What is the energy consumption of the brain, and is there a difference in consumption when waking and sleeping?

  • $\begingroup$ Do you mean the activity as visible in an EEG? Because the brain mainly uses up energy as far as I know. $\endgroup$
    – skymningen
    Apr 3 '14 at 11:20

I assume that you mean energy consumption.

Talking in round numbers the daily energy requirement of a sedentary human is 2,500 kcal. It's usually said that the brain uses 20% of this energy.

What does this mean in terms of power consumption?

500 kcal = 500 x 1000 x 4.2 J  -[1]
24 h = 24 x 60 x 60 s          -[2]   

1 W = 1 J/s

therefore brain power  = [1]/[2] = approximately 24 W

Most of the energy consumed by the brain is used in maintaining membrane potentials so energy is used continuously. I would think that there will be very little difference between waking and sleeping.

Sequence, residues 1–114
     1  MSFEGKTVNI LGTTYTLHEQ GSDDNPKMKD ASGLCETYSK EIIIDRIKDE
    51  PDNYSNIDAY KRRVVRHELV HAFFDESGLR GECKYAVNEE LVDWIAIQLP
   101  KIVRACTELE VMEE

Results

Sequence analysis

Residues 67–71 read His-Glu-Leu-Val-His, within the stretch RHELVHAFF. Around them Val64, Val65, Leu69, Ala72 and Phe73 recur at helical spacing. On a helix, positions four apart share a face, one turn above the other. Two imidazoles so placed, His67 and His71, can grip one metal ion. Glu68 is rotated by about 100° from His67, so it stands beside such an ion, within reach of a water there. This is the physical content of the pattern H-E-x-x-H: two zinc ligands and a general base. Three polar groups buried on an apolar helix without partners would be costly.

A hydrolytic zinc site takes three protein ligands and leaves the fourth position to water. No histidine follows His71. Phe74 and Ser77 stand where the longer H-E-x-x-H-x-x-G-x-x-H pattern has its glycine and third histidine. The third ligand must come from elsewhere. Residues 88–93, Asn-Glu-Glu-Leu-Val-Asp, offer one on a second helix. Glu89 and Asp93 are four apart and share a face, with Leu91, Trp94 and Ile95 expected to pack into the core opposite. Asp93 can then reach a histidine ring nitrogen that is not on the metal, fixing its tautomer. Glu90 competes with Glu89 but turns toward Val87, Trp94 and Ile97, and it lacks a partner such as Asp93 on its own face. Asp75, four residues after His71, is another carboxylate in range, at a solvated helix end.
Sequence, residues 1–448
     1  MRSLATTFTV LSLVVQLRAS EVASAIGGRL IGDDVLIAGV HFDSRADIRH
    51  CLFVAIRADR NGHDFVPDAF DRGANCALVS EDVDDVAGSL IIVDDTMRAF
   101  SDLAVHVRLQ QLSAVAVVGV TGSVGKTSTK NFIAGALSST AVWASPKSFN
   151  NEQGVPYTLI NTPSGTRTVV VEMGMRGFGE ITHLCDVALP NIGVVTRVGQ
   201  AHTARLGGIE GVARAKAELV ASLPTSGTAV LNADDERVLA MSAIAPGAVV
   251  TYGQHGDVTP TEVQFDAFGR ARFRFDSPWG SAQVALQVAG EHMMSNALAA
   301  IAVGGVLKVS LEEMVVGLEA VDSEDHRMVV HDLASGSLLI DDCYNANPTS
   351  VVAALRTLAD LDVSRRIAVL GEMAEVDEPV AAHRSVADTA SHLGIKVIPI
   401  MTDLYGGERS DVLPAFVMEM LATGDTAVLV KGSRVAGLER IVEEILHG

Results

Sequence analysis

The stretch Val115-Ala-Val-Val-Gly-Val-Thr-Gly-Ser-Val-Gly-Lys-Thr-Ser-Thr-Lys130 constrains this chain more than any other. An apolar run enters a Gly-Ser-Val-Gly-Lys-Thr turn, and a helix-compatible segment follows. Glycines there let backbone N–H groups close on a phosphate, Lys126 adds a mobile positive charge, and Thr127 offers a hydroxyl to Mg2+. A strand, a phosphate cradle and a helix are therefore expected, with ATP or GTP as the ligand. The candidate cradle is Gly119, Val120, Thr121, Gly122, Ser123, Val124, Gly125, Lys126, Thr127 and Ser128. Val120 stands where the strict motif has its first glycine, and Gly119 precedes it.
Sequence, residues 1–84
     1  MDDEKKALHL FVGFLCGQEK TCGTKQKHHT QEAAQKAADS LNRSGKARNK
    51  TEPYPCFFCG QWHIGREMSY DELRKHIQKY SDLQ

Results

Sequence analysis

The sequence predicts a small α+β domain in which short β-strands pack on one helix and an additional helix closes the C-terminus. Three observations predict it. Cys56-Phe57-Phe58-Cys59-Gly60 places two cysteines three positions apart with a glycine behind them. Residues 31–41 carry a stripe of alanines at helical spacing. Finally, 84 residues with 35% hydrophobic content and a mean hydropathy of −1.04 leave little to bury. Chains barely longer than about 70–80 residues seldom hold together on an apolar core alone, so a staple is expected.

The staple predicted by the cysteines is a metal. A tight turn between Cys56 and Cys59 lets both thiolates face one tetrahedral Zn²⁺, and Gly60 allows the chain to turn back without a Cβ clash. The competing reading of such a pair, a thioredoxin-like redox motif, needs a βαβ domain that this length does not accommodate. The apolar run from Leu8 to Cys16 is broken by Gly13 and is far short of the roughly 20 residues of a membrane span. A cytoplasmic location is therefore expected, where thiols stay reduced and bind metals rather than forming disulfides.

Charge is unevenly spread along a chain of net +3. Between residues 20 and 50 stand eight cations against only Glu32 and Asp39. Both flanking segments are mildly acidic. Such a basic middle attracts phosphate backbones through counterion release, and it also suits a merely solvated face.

• $\begingroup$ One ref for the breakdown of energy costs: Laughlin, S. (2001). Energy as a constraint on the coding and processing of sensory information. Current Opinion in Neurobiology, 11(4):475-480. $\endgroup$
    – Memming
    Apr 3 '14 at 13:22
  • $\begingroup$ The cortical activity pattern is measurably different between rest and sleep states. I think there would be measurable differences. $\endgroup$
    – Memming
    Apr 3 '14 at 13:23
  • $\begingroup$ Adding to this: There is a difference of active vs. inactive brain regions in terms of energy consumption. This is used in PET (positron emission tomography) scans. Here you enrich radioactive glucose in the regions which are more active (=need more energy) and make them visible. $\endgroup$
    – Chris
    Apr 3 '14 at 13:27
  • 1
    $\begingroup$ I'm not denying that brain activity will require more energy (to restore membrane potential), I'm just dubious that it will be a very big difference (the brain is active during sleep too). I await an answer that provides evidence about this. $\endgroup$
    – Alan Boyd
    Apr 3 '14 at 13:43

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